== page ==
Ford introduced a six-hour Saturday overtime shift at its body and assembly plant in Dagenham, UK, to help meet increased demand for its Fiesta.
The shifts involve eight Saturdays through the end of July. They are expected to produce an additional 4,500 vehicles for Europe, Mexico and Argentina. Last year, Dagenham made 238,971 Fiestas and vans.
Similar shifts have been introduced at the Cologne, Germany, plant, where Ford produces the Fiesta and Puma.
General Motors has launched three World Cup '98 special editions of the Opel Corsa in Germany. All three versions are equipped with power steering, anti-lock brakes, sunroof and aluminum wheels.
The base model is powered by a three-cylinder, 55hp, 1.0-liter engine. The price is DM22,990 ($13,000), a reduction of DM1,520 compared with a normal Corsa with the same equipment. A version with air conditioning sells for DM23,500. The customer savings is DM1,960.
The World Cup Sport version is available with 90hp, 1.4-liter or 106hp, 1.6-liter engines. The Sport is 25mm lower and comes with air conditioning, a special interior treatment and rear skirting in body color. The price is DM29,060. Customers save DM2,024 compared with a standard Corsa with the same equipment.
GM's Vauxhall will recall 26,187 diesel-engined Corsa cars and vans in the UK. A wire under the hood could be pulled loose. Vauxhall will also recall 8,134 Corsas equipped with 12-valve engines. The cars' wiring harnesses will be secured to keep them clear of the intake manifold.
Brazil will gradually supplant North America and Japan as the source for Hondas sold throughout South America, said Kazuo Nozawa, commercial director of Honda Brazil.
The company has built Civics at its Sumare, Brazil, plant since November 1997. Production is planned to reach 1,000 units per month in October, from 700 a day now. Honda expects to build 15,000 cars there this year and double that next year.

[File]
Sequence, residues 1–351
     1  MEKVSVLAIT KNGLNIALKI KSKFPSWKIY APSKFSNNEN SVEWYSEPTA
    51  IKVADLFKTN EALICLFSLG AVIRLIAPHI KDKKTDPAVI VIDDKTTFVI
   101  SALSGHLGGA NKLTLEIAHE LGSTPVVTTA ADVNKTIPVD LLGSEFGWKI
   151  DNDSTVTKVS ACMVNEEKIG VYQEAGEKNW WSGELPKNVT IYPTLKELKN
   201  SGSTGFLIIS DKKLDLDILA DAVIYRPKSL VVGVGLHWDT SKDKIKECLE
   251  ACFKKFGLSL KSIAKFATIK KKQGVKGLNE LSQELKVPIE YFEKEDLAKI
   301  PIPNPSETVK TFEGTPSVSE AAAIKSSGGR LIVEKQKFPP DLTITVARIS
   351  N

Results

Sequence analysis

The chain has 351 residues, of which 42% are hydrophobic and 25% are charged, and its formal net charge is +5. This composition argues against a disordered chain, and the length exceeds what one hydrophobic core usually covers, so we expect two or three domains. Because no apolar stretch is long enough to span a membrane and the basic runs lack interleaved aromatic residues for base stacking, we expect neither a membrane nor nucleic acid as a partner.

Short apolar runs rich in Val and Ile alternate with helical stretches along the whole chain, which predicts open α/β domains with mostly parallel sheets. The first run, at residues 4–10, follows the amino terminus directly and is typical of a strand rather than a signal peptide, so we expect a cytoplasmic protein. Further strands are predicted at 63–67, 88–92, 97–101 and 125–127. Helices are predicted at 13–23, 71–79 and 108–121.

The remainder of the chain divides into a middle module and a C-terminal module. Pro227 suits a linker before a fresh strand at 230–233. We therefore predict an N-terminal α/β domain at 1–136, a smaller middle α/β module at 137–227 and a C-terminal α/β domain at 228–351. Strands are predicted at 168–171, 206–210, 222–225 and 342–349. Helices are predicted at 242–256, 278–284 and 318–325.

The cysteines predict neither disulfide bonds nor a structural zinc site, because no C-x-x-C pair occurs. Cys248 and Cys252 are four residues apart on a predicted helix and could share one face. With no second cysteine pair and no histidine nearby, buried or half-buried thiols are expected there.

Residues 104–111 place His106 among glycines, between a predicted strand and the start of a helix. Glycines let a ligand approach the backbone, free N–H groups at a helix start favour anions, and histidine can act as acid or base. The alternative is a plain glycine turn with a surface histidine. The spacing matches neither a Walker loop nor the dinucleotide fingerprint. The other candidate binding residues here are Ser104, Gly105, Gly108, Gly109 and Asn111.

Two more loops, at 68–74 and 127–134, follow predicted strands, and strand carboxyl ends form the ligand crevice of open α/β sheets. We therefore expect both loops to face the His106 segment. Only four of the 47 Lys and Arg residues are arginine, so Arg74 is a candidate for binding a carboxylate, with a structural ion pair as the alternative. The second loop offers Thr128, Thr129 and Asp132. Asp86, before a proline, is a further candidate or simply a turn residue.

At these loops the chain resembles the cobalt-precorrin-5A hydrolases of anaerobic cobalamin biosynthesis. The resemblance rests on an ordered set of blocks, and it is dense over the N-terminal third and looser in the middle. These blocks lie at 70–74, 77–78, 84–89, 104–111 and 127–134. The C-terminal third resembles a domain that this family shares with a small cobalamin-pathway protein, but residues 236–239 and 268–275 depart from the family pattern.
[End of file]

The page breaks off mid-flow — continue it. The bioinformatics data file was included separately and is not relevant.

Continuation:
The number of Honda dealers in Brazil will rise from 25 to 60 this year, said Nozawa.
Hyundai Motor Co. says it has developed high-tech shock absorbers that are four times more effective than conventional units in terms of durability and resistance to corrosion.
The key rods of the new shock absorbers are treated to prevent oil leaks. The new units will also cost 10 percent less to produce.
Kia's plant in the Russian Baltic coastal enclave of Kaliningrad is running below the break-even point, according to plant officials.
The plant currently assembles 450 cars a month, but needs to make 850 units a month to make a profit.
Maserati is rumored to be planning a return to US Indy Car racing in 2001, although the company's top executive said there are no current plans to do so.
Speculation grew following last month's Indianapolis 500 race. Piero Ferrari, vice chairman of Ferrari SpA, which has management control of Maserati, was hosted in Indianapolis by Gian Paolo Dallara, Ferrari's traditional partner in racing other than Formula One.
'Racing is part of Maserati's heritage,' said Ferrari Managing Director Paolo Marinsek, 'but we do not have any current plan to re-enter competition.'
Nissan announced new security measures to prevent illegal dealing in shares by employees and managers.
Former Nissan Managing Director Kenji Sawamura was charged last month with illegal trading. He is accused of using inside information to buy shares in Nissan affiliate Tosok Corp. in his wife's name in February 1997.
Porsche will decide later this year whether to go ahead with plans to assemble cars in economically-troubled Thailand. Porsche has said it is interested in assembling the Boxster from knockdown kits for both the domestic and regional markets. The carmaker has approached a number of manufacturing companies in Thailand.
PSA Peugeot-Citroen will acquire the Peugeot Motorcycles subsidiary of Ecia as part of the reorganization of Faurecia, the new name for the group created by the merger of Ecia and Bertrand Faure. Faurecia, which is controlled by PSA, owns 74.2 percent of the French scooter maker. The rest is owned by Honda. The company builds small-cylinder scooters and mopeds of 50cc and 100cc.